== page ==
Vision’s of Trading: An Interview about Trevor Neil

 Advanced Market Timing Experts Workshop 2011, Master Market Timing with the Leading Technical Analyst

Advanced Market Timing Experts Workshop 2011, Master Market Timing with the Leading Technical Analyst

Fundamentals Have no Part in my Trading Decisions, Says Trevor Neil, Course Director of Technical Analysis Workshops in Singapore and Hong Kong

In an interview conducted by Amber Hestla with Trevor Neil, Managing Director, BETA Group, and course director of the upcoming Advanced Market Timing Experts Workshop 2011 (Singapore, June 20th-21st 2011, and Hong Kong, June 23rd-24th 2011, he explains why fundamental analysis has no part in most of his trading decisions, and why he doesn’t like to make long term predictions about the markets.

Do you look at any fundamental or economic inputs to develop your opinions?

Fundamentals have no part in my trading decision. If my horizon were longer they would. I have to know when results, GDP, non-farm payroll, etc., are due but they do not affect my trading decisions.

What technique do you rely on the most? Can you describe this tool?

In my training work I specialize in many advanced trading techniques. But my favorite is the work of Tom DeMark. I find his work stunning in its precision. I love the way he thinks. When I was at Bloomberg, I had the privilege to get to know him and appreciate his work. He was the reason I left. I wanted to get back into the markets and with a colleague formed a hedge fund to trade using DeMark techniques. I was that convinced and it is still my favorite. I have done well by using his work. I owe him a lot.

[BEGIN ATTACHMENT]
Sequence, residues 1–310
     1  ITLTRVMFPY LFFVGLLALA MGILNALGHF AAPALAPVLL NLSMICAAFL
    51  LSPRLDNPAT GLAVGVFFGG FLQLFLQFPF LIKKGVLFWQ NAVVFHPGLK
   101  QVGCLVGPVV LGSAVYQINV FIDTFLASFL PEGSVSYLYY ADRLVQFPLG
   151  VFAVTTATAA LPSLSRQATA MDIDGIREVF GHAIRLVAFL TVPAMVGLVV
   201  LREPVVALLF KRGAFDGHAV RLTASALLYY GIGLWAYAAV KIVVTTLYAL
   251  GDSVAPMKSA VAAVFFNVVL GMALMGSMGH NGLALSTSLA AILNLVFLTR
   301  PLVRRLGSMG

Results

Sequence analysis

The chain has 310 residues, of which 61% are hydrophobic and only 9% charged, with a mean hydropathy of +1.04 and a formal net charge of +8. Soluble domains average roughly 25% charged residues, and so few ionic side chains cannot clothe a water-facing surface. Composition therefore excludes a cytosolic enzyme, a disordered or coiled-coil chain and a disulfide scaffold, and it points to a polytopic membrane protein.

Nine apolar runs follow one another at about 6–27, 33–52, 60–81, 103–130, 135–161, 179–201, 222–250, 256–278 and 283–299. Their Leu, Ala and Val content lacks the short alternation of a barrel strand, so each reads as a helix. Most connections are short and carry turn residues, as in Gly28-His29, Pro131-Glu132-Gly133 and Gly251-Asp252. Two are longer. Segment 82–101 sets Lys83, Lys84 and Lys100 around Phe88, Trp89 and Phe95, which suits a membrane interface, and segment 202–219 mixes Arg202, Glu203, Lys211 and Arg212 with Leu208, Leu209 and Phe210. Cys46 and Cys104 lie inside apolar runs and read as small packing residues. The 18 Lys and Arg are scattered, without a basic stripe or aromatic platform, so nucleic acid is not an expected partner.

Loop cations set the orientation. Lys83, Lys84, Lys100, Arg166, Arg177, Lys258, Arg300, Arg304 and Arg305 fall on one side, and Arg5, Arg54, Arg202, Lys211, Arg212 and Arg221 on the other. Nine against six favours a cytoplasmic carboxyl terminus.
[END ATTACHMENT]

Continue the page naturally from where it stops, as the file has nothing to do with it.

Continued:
Can you share any longer-term market opinions?

I always thing technical analysts should not make long term predictions and I always decline requests from TV to forecast the stock market for the year and so forth. Every day is a new piece of data and I can be bullish now but can change my mind if something in the chart changes. In all cases, as long as the patterns of rising tops and rising bottoms (or lower tops and lower bottoms) remains intact. When will the patterns be broken? I don’t know.

What advice would you have for someone starting in the business today?

It is a lot harder now than it was when I started. My first job was at Merrill Lynch in 1975. In those days they were so hungry for people, they would take anyone. Within three months of joining I was on the floor. It is not like that now. It is a lot harder.

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